# should you always triple barrel after a double barrel?

• Bronze
Joined: 11.06.2014
I have read somewhere that giving up on river after a double barrel is more -ev than triple barreling.

This example assume that effective stack sizes are 100bb and we face one opponent who appears to be solid but we dont have any reads on him , we also dont have reads on the population.

You can answer for both oop and ip.

Lets say the board is Js-6d-2c and i have KdQd , I bet the flop for 2/3 and villain calls , turn is
Tc who gives me a open ended straight draw , i bet another 2/3 and villain calls , river is 3h , now what? firing another 2/3 of the pot is more +ev than giving up?

Players make a lot of theoretic mistakes on river and betting force them to fold a lot of the hands who should call.

But i really wonder since i play 10nl still there are many players who are even capable to call
a shove with second pair......

What do you think?
• 8 replies
• Bronze
Joined: 15.01.2011
It depends.

If villain is a calling station who would go to showdown with A6o (third pair), then your expected value from a river bet would be much worse than playing a nit. If villain is a nit, what would he have called two streets with, that would give up on the river?

I would presume one of the best ways to calculate whether your decision in this spot is +/- EV is to calculate the fold equity.

pot : river bluff size = 1 : 2/3 = 3 : 2 => 40% fold equity required.

for a 1/2 pot bluff - 1: 1/2 = 2:1 => 33% fold equity required.

for a 1.5x pot bluff (consider a shove) - 1 : 1.5 = 2 : 3 => 60% fold equity required.

This becomes difficult if we don't have any reads on villain; else we may not have semi-bluffed our straight draw to a calling station on fourth, or we'd know we're behind if called by a nit.

I would say play an optimum equilibrium (though without any population reads (by its strictest definition) we may not be able to define an equilibrium). Optimum? Big pots for big hands, small pots for small hands.
• Super Moderator
Super Moderator
Joined: 02.09.2010
Hi, Suboptimal88
Disclaimer: I am NOT a coach!;

There is no "always" in poker.

However, in this case, where you were betting solely on overcards OTF and OESD OTR, can bet/fold really hurt on the river?

Some alternate lines:
X flop, B turn -- the delayed CBet. nice if T is a scare card -- A, K or Q
CBet flop, X turn, B/F river

Some random thoughts:
What is your image? Are you hyper-aggressive? If so, they are less likely to believe you.
OOP, if you check the R vs a hyper-aggro villain, you may try a check/raise -- but that's gambling
IP I really, really hate it when I get called down on two streets on an A-high board, check behind on the river and lose to pocket 3s or some such, when a bet on the R would almost certainly take the pot.

Best of luck,
VS
• Bronze
Joined: 19.04.2010
What you read doesn't necessarily mean that the third barrel is always +EV but more likely that (in some situation) it's best to shoot either 1 or 3 barrels, not 2. This is of course villain dependant.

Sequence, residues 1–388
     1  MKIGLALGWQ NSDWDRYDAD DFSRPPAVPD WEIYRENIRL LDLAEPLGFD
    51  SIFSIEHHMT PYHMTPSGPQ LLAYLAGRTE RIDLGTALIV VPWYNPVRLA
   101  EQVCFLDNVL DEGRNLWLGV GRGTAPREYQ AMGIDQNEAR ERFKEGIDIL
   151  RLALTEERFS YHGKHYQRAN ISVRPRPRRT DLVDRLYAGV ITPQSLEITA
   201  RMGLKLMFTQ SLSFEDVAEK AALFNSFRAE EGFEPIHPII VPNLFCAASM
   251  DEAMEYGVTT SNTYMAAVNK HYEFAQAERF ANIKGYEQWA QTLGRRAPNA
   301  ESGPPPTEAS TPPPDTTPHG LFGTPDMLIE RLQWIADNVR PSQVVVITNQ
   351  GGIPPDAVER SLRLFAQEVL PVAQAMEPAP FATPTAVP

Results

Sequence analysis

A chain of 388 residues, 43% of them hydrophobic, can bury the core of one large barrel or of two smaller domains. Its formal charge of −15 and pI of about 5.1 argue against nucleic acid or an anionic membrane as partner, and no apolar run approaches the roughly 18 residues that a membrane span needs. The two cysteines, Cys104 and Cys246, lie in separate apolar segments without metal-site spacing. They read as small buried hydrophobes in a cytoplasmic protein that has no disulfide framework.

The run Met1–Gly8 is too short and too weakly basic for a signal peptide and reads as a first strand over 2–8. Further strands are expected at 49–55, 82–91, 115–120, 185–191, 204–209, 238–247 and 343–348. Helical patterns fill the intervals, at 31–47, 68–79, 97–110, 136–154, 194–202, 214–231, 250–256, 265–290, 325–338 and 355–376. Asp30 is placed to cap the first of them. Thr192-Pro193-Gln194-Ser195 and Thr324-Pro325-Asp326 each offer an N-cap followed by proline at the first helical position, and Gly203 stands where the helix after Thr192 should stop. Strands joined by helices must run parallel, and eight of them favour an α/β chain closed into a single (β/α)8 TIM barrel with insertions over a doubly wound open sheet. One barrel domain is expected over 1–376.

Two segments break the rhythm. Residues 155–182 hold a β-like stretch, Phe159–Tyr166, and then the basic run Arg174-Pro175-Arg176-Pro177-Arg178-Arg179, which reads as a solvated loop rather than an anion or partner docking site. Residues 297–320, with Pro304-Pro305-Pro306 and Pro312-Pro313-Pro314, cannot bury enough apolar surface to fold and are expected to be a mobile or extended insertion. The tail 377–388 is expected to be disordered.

One example when it's best to choose between 1 and 3 barrels would be a villain that never folds made hands to 2 barrels but does against 3 barrels. If you cbet the flop and the villain calls assumingly with a range of a lot of made hands of different value, a second barrel as a bluff would be a total waste of money if you weren't going to fire a third one on the river. Therefore you should either check the turn or triple barrel.

It can be quite the opposite as well. For example, we could have you 3betting against a villain that usually makes his decision of calling down or not on the turn in 3bet pots. Against him you should never fire the third barrel as a bluff whereas double barreling air could be a viable option.
• Bronze
Joined: 12.09.2014
It depends on opp. There's no answer is it +EV or -EV
• Silver
Joined: 15.06.2009
Perhaps surprisingly, the calling station is the ideal opponent to 3-barrel against. (Why?)
• Platinum
Joined: 20.08.2010
Hi, Suboptimal, you are the only one who can find the answer you are looking for, as you know it is complicated thing and it needs a lot of info, i suggest get pokerstrategys equilab, flopzilla or some other calculator where you can do multiple street analysis, i suggest check out google or ps video section to find a guide how you can calculate similar spots yourself.
• Bronze
Joined: 07.11.2010
This is the first time i hear this generalized claim.
What calculation would you base this on?
• Bronze
Joined: 31.05.2012
If you are looking for general answer, I would say answer is YES.
Since poker is game of adjustment played by real people, having a fixed strategy can really back fire. In other words, if opponent sees you ONCE that you tripple barreled bluff or turned 99 into bluff on KQxxx board, he will adjust accordingly and then you will be the one who is loosing money long term.
To answer this question, you obviously have to take into consideration some key factors:
- Blind/stack size
- Opponent type
- General tendencies at limits you play regarding opponents facing triple barrel
- If that opponent has specific reads vs you
- How does that opponent sees you and your perceived ranges pre and post flop
- Board texture and how it improves or improved his/hers or your range

This is just from top of my head but I am sure many other cash game pro's can elaborate on this topic even more in depth.

Great idea for thread by the way